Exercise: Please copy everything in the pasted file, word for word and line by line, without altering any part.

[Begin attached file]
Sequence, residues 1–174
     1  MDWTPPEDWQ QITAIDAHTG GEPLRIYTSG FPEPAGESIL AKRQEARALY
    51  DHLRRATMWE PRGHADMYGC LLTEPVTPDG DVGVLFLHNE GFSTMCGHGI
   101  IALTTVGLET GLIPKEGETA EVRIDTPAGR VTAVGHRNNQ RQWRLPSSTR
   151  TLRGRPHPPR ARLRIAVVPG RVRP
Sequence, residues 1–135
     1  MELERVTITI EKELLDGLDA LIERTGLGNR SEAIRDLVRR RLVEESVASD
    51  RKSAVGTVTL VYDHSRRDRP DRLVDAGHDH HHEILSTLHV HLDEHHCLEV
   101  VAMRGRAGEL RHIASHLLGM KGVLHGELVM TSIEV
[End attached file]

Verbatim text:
Sequence, residues 1–174
     1  MDWTPPEDWQ QITAIDAHTG GEPLRIYTSG FPEPAGESIL AKRQEARALY
    51  DHLRRATMWE PRGHADMYGC LLTEPVTPDG DVGVLFLHNE GFSTMCGHGI
   101  IALTTVGLET GLIPKEGETA EVRIDTPAGR VTAVGHRNNQ RQWRLPSSTR
   151  TLRGRPHPPR ARLRIAVVPG RVRP
Sequence, residues 1–135
     1  MELERVTITI EKELLDGLDA LIERTGLGNR SEAIRDLVRR RLVEESVASD
    51  RKSAVGTVTL VYDHSRRDRP DRLVDAGHDH HHEILSTLHV HLDEHHCLEV
   101  VAMRGRAGEL RHIASHLLGM KGVLHGELVM TSIEV